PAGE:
Murder-for-hire Perpetrator Gets Maximum Allowable Sentence

 

PistolBy: Michael Welber

“I am the victim. My life has changed dramatically.”

So said an emotional Bruce Schmitt at a court session for the man who tried to have him killed.

At the session, a clearly frustrated U.S. federal judge, Jose E. Martinez, imposed the maximum allowable ten-year sentence on admitted murder-for-hire perpetrator Dennis Zecca in a sentencing hearing at the Federal Court Building in Key West on Wednesday. Zecca has been convicted of hiring someone – who turned out to be an FBI informant – to kill Schmitt, a Marathon realtor, for reasons still unknown.

Martinez wondered aloud what everyone else familiar with the case has been wondering since late 2012: why.

Why indeed. A crowd of Marathoners trekked to Key West to see if the two questions on everyone’s mind would be revealed in open court. Why did Dennis Zecca hire someone to shoot Schmitt, a person he did not know personally, and who were his co-conspirators? Those who attended the hearing, including local attorney Frank Greenman, chamber of commerce CEO Dan Samess, county commissioner and Marathon resident George Neugent, Schmitt’s brother Brian and sister-in-law Dede, all sat waiting to see if such information would be forthcoming.

They and Judge Martinez, whose decision came after Schmitt’s 15-minute statement to the court, would be disappointed.

A little background. A former Coast Guard commander, Zecca offered to pay an as yet unnamed informant $20,000, or a kilogram in cocaine, to kill Schmitt with a 9mm Beretta handgun. The crime was supposed to happen during the 2012 Christmas holidays. Schmitt got very little warning about his impending demise, receiving a call from the FBI advising him to leave town immediately. He left the country.

The undercover informant showed Zecca a Photoshopped photograph that appeared to confirm that Schmitt had been killed. Schmitt revealed in court that before he left the country he posed for the photo in his backyard. Then the Feds doctored the image with blood and wounds. FBI agents arrested Zecca moments after he was shown that photograph. Schmitt said in court that if they had waited, they might have followed Zecca to what the Feds label as his “associates and co-conspirators” and he regrets that they failed to do so.

Martinez interrupted Zecca attorney William Aaron on numerous occasions during his appeal for a lighter sentence, probing for information about why the crime had occurred. Aaron made the case that this behavior was a short-term aberration for Zecca who, it is claimed, had an illustrious 27-year career in the Coast Guard. The judge wasn’t buying it.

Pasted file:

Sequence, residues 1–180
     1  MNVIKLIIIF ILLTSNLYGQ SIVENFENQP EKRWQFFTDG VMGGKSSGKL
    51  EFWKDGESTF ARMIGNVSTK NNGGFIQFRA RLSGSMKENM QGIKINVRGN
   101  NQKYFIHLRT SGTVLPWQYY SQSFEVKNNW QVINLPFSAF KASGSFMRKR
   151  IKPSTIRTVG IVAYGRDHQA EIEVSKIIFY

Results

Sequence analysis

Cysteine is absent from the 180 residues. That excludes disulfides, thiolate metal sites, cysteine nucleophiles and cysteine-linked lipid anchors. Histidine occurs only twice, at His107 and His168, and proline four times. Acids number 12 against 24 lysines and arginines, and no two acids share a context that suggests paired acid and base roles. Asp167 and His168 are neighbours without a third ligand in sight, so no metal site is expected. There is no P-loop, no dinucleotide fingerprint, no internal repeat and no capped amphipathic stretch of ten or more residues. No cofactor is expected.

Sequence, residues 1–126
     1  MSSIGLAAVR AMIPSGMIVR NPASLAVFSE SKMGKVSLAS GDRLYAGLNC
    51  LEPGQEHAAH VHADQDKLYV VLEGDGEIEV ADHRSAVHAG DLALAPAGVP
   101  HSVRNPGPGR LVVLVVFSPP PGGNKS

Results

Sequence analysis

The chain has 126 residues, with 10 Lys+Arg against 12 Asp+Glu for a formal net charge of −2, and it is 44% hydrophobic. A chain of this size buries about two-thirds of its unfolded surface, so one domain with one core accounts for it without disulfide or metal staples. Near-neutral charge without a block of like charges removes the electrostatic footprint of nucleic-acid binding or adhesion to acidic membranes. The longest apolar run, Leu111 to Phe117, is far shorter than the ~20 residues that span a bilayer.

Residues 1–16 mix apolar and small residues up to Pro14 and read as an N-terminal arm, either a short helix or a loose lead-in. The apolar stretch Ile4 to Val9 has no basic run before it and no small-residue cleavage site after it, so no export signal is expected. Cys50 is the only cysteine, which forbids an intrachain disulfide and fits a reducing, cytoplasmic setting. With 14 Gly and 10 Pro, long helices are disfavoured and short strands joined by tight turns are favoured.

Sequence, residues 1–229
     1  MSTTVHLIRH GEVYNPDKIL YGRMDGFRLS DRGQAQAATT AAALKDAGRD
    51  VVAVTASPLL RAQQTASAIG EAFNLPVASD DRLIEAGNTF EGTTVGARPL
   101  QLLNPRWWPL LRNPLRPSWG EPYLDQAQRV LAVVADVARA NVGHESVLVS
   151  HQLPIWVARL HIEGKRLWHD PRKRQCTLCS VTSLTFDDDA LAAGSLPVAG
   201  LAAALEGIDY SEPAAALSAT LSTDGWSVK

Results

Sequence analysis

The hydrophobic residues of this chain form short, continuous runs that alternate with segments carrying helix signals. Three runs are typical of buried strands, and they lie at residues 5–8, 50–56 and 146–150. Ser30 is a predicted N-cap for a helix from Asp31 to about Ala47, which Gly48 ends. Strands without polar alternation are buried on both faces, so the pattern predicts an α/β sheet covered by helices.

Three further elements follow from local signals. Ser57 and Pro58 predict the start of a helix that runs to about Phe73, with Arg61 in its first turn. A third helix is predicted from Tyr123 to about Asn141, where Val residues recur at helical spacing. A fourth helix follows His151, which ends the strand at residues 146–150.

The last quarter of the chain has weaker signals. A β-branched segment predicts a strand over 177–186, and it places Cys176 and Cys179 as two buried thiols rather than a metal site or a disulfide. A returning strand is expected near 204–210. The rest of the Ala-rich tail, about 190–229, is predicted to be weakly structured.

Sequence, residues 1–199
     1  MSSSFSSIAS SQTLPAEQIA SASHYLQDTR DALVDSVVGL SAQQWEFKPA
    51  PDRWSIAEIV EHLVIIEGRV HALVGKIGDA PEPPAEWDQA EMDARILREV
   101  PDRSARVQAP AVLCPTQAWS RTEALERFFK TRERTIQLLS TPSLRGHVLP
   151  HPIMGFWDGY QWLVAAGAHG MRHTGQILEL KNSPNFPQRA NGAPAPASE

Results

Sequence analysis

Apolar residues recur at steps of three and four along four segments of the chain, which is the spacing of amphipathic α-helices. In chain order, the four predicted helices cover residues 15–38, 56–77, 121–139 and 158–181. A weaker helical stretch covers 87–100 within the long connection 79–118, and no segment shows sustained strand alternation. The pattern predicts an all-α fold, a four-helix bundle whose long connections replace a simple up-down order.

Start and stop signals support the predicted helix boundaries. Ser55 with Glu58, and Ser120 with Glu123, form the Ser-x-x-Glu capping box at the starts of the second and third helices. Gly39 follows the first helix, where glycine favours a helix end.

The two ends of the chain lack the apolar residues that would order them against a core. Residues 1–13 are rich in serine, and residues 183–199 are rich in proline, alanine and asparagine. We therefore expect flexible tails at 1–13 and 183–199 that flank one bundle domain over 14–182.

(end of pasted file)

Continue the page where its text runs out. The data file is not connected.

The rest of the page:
“It doesn’t make any sense,” he said. “There’s a total disconnect here.”

After promising not to interrupt Aaron again, Martinez could not contain himself, saying that there’s a huge distance between getting commendations and awards, as Zecca had in the Coast Guard, and hiring someone to shoot a person you don’t even know.

In his appeal to the court, Schmittasked for three things.

Primarily he wanted the judge to vacate the plea deal that the district attorney and FBI worked out, which dropped the cocaine smuggling charges and would only sentence Zecca on the murder-for-hire charge. By doing so, Schmitt said there would be a full trial at which all the evidence would be presented.

Barring that, Schmitt hoped that the judge would delay sentencing until Zecca cooperates, something he has steadfastly refused to do. Attorney Aaron said that the Fifth Amendment to the constitution enables his client to refuse to incriminate himself or others in this manner. In fact, imposing the jail term has been delayed several times as the government hoped that the former Coast Guard commander would relent and give information about the people who were prepared to pay him. He didn’t.

Finally, Schmitt said in his plea to the judge, that he hoped Zecca would get the longest sentence possible. And he did. As both the U.S. assistant attorney Benjamin Coats and the judge indicated several times, ten years is the maximum time Zecca can get. It was the only request made by Schmitt that would be accorded.

He also expressed frustration that the murder-for-hire charge only carries a ten-year maximum sentence while the cocaine and gun charges that Zecca was also arrested on carry 20-year sentences. The latter charges, with much stiffer penalties, were dropped in a plea deal, which did not obtain information to aid the investigation.

Schmitt says he’s still angry, still getting professional help. He doesn’t understand why the FBI didn’t allow Zecca to meet up with his co-conspirators. He doesn’t understand why they provided a handgun to the designated assassin: a felon. And, reflecting what many victims of crime say, he doesn’t understand why criminals have more rights than victims.

He also knows that the co-conspirators, including those who may have encouraged or enabled Zecca to commit this crime, remain at large. And after today’s hearing, that issue, despite the efforts of the FBI and even Judge Martinez, remains unresolved.

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